DOI: 10.5176/2251-3809_LRPP17.32

Authors: Arran Gerrard


This paper examines the scope and operation of s 501 of the Migration Act 1958 (Cth) which gives the Minister for Immigration and Border Protection the power to cancel or refuse to grant a person’s visa on the ground that they do not satisfy what is commonly referred to as the character test. The consequences of this power are severe and extreme including the loss of the person’s lawful status and the obligation to be detained pending removal from Australia. Notwithstanding the drastic effect of this power, there are a clear lack of procedural safeguards to ensure that the power is exercised in a manner which is fair and just. This paper will investigate whether the current process actually accords natural justice in the making of cancellation decisions and whether the current regime of merits review is adequate to protect against or cure any deficiency in the decision making process. It will demonstrate how integral an opportunity for a merits review hearing is for persons who otherwise have significant difficulties in representing themselves particularly in relation to decisions which have potentially extreme consequences.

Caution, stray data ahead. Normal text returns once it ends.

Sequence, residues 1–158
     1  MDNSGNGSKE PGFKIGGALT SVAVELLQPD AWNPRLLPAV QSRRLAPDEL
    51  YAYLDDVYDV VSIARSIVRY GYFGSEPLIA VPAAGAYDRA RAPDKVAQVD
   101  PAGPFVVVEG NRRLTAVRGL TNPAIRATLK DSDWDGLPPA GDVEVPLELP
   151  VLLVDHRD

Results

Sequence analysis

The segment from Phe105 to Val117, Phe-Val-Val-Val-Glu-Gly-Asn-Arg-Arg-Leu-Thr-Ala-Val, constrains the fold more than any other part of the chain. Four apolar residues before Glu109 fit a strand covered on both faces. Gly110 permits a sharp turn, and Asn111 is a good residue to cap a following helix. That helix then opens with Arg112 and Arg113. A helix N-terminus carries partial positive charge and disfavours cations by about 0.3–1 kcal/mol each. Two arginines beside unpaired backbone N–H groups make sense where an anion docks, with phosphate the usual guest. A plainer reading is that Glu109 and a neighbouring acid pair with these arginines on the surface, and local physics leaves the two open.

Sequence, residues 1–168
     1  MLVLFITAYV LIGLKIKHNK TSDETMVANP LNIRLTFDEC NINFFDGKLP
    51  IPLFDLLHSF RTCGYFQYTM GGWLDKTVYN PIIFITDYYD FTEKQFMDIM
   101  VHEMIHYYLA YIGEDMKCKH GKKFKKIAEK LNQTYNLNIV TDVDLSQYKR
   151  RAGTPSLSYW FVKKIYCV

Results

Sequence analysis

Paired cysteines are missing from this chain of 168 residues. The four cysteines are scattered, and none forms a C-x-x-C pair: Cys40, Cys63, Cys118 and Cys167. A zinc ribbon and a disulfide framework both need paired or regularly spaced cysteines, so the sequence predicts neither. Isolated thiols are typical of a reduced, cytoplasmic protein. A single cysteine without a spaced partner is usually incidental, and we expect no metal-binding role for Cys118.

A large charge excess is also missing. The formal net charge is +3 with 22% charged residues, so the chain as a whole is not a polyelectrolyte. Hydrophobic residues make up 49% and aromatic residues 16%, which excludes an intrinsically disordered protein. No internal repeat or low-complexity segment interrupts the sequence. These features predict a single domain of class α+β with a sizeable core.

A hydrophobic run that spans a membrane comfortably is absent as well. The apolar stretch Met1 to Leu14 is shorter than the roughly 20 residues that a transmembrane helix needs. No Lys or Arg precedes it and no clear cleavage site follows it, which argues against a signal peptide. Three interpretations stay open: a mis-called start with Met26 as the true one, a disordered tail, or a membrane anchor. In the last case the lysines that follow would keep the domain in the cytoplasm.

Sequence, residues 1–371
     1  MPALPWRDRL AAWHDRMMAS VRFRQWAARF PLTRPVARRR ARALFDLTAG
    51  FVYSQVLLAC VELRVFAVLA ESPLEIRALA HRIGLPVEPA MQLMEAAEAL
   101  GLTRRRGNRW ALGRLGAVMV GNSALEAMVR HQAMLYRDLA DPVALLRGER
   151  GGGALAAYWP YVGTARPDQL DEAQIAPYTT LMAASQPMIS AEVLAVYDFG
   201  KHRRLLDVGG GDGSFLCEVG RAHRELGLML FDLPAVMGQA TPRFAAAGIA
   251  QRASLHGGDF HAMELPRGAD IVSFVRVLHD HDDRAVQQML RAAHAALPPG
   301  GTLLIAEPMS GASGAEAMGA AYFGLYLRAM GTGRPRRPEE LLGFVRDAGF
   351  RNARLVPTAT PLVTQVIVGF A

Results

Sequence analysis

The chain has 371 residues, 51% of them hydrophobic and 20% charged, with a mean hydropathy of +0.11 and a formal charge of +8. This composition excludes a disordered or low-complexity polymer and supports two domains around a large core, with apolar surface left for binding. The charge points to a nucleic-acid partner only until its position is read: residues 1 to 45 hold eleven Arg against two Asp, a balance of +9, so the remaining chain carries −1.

Keywords: migration law procedural fairness hearing rule visa cancellation character based decisions


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